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jQuery Validate and Jeditable, Part 2

, 4 Jan 2010 CPOL
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When using Jeditable,there is no form element to bind jQueryValidate rules with.  Instead, when an editable element is clicked or activated,it dynamically creates a new form and input element and destroys them after the useris done editing.

When using Jeditable, there is no form element to bind jQuery Validate rules with.  Instead, when an editable element is clicked or activated, it dynamically creates a new form and input element and destroys them after the user is done editing.  For the ViewModel from Part 1, the View might be rendered like so for Jeditable:

<%@ Page Language="C#" Inherits="System.Web.Mvc.ViewPage<ValidateViewModel>" %>
<asp:Content ContentPlaceHolderID="MainContent" runat="server">
<% using(Html.BeginForm()) {%>
    <%= Html.ValidationSummary() %>
    <label for="StringRequired">StringRequired:</label>
    <div class="editable" id="StringRequired" name="StringRequired">
        <%= Model.StringRequired %>
    </div>
    
    <label for="DoubleRange13_100">DoulbeRange13_100:</label>
    <div class="editable" id="DoubleRange13_100" name="DoubleRange13_100">
        <%= Model.DoubleRange13_100%>
    </div>
<%} %>
</asp:Content>

xVal’s ClientSideValidation<TViewModel>() used in Part 1 won’t work to validate this.  The reason?  It generates a script that binds validation directly to the form elements on page load.  The rendered script looks for the ViewModel looks like:

<script type="text/javascript">
xVal.AttachValidator(null, 
    {"Fields":[
      {
         "FieldName":"StringRequired",
         "FieldRules":[
            {
               "RuleName":"Required",
               "RuleParameters":{

               },
               "Message":"This string is required"
            },
            {
               "FieldName":"DoubleRange13_100",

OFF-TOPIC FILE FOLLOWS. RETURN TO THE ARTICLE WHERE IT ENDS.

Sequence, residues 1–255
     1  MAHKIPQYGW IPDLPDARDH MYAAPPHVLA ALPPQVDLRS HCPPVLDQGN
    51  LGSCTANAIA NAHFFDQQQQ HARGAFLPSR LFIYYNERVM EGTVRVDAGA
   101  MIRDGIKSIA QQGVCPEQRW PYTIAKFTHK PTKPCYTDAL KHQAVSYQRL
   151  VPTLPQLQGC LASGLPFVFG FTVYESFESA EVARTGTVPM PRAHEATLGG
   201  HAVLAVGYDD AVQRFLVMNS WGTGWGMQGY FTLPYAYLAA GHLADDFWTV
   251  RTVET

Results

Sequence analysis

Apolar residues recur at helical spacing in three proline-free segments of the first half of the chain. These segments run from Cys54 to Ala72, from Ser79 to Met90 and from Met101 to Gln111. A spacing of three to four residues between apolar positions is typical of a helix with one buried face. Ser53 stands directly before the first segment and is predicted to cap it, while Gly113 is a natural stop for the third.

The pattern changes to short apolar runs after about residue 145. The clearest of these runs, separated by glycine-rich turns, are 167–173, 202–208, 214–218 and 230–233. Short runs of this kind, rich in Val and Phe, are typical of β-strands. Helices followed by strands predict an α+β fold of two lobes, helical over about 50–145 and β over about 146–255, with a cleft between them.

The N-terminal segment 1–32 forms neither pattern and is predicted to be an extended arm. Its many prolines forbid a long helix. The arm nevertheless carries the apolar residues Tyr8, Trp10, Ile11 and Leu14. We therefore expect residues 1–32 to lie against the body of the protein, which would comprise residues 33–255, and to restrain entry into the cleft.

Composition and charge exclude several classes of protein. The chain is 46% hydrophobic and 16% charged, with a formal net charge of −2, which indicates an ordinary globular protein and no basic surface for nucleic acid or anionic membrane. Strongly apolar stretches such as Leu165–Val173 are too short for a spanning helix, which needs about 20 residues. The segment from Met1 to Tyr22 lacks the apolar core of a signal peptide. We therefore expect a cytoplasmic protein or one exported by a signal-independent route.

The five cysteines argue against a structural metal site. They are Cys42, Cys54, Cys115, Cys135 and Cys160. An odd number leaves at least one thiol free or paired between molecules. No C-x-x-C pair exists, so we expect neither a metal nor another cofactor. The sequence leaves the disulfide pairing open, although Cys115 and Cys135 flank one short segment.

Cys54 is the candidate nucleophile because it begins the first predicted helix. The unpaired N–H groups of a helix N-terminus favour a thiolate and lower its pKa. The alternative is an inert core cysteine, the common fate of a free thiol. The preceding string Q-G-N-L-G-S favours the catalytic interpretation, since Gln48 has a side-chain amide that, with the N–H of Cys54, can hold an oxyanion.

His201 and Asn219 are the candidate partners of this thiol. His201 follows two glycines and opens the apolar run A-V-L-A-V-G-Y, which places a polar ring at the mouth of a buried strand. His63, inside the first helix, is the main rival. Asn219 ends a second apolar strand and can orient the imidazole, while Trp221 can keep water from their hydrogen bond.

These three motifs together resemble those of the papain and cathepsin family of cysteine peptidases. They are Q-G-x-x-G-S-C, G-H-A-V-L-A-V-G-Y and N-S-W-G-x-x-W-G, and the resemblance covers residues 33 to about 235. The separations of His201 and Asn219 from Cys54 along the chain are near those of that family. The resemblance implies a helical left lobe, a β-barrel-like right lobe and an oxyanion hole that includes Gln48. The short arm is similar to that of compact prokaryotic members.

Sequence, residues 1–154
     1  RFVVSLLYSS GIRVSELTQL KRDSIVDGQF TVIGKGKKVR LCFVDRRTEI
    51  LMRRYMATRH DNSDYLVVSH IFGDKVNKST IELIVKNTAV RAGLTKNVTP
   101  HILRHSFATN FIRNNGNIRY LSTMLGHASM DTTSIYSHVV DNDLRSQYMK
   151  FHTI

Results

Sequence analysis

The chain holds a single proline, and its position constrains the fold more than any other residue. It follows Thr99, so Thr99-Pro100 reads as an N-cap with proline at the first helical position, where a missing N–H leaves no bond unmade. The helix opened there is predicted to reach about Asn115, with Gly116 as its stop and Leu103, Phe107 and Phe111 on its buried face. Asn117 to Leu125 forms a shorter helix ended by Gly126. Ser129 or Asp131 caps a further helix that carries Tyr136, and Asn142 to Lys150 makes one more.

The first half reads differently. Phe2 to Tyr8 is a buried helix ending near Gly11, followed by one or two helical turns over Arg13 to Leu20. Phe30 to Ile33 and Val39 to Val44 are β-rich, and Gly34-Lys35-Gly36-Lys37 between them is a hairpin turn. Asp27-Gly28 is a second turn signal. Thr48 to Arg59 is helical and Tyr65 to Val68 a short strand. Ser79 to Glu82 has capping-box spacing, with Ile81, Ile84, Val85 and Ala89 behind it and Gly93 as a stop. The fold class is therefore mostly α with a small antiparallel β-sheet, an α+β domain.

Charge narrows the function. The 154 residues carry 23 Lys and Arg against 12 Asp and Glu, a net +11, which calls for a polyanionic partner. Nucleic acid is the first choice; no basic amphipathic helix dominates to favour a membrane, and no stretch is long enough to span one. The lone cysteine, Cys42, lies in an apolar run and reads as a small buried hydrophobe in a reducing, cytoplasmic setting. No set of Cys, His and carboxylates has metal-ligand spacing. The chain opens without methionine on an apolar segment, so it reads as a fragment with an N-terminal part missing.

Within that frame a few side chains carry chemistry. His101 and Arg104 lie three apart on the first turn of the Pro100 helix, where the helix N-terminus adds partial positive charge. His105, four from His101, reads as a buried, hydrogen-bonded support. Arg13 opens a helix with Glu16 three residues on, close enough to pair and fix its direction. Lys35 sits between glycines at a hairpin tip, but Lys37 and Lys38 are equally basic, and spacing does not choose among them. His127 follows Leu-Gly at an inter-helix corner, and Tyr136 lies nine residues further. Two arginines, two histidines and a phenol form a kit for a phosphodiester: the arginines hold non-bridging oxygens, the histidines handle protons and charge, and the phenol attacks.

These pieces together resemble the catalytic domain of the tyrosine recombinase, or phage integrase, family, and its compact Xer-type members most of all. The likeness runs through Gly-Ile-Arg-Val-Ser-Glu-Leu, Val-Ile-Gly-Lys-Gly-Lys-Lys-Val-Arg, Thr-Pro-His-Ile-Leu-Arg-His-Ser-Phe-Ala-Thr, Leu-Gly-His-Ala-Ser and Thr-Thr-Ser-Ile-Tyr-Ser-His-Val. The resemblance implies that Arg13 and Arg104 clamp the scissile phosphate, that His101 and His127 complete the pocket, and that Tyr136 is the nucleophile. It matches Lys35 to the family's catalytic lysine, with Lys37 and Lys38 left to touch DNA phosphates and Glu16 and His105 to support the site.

"FieldRules":[
                  {
                     "RuleName":"Range",
                     "RuleParameters":{
                        "Min":"13",
                        "Max":"100",
                        "Type":"decimal"
                     },
                     "Message":"Must be between 13 and 100"
                  }
               ]
            }
         ]
      }
    ]}, {})
</script>

The rules are in the xVal’s StandardJSON format and the AttachValidator function (in xVal.jquery.validate.js) scans the DOM and attaches jQuery Validate rules as attributes to the matched input elements.  Since Jeditable doesn’t create these elements until they’re actively being edited, the rules have nothing to attach to since they don’t exist yet.  Fortunately, jQuery Validate provides several strategies for defining the rules.  In addition to being able to attach attributes to the input elements, the rules can be placed in a separate data structure.  jQuery Validate refers to these as “static rules”.  Instead of attaching the xVal rule set directly to the elements, it can be adapted to the static rule set that jQuery Validate can use directly.  The structure for the ViewModel rules will look like:

{
    rules: {
        StringRequired: {
            required: true
        },
        DoubleRange13_100: {